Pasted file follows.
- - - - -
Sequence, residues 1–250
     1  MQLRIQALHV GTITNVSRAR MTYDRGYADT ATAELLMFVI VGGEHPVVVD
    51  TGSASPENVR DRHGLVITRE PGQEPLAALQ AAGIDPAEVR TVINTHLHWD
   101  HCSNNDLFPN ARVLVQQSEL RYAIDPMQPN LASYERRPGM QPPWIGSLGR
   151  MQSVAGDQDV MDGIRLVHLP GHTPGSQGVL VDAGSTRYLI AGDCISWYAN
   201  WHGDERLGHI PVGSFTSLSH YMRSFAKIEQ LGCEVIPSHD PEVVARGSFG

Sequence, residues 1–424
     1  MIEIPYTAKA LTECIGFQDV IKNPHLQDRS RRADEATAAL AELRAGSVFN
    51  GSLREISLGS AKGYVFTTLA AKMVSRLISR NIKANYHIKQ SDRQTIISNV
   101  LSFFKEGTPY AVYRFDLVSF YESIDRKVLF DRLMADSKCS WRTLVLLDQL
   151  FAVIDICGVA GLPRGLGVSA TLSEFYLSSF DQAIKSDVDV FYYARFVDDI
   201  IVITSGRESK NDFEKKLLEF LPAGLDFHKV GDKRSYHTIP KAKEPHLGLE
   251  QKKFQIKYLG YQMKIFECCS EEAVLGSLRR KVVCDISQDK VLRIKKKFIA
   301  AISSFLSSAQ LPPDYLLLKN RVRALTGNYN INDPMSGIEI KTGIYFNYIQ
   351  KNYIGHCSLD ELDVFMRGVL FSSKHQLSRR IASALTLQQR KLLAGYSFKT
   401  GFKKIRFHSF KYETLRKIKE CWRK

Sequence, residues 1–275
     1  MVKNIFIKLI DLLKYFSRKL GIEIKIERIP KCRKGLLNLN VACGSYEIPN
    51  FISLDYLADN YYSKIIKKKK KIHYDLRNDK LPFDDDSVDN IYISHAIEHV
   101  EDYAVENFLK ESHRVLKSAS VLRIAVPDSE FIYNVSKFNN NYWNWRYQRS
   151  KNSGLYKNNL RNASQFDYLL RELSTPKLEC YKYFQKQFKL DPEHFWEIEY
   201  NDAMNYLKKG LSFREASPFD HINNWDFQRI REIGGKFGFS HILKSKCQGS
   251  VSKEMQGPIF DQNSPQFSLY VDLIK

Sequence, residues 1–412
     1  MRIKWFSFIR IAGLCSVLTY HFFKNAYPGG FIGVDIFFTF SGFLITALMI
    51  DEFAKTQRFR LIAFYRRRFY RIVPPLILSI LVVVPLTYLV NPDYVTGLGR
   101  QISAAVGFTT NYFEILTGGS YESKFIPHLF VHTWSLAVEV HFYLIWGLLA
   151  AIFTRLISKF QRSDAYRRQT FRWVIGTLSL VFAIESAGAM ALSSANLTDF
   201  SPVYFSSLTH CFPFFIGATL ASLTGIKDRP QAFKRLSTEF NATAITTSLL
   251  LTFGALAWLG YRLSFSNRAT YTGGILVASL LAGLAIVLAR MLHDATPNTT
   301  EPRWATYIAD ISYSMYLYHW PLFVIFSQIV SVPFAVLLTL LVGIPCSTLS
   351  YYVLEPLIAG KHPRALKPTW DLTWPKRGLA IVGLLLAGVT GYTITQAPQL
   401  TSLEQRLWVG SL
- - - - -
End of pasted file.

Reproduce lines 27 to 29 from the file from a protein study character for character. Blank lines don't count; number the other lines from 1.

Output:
   101  QISAAVGFTT NYFEILTGGS YESKFIPHLF VHTWSLAVEV HFYLIWGLLA
   151  AIFTRLISKF QRSDAYRRQT FRWVIGTLSL VFAIESAGAM ALSSANLTDF
   201  SPVYFSSLTH CFPFFIGATL ASLTGIKDRP QAFKRLSTEF NATAITTSLL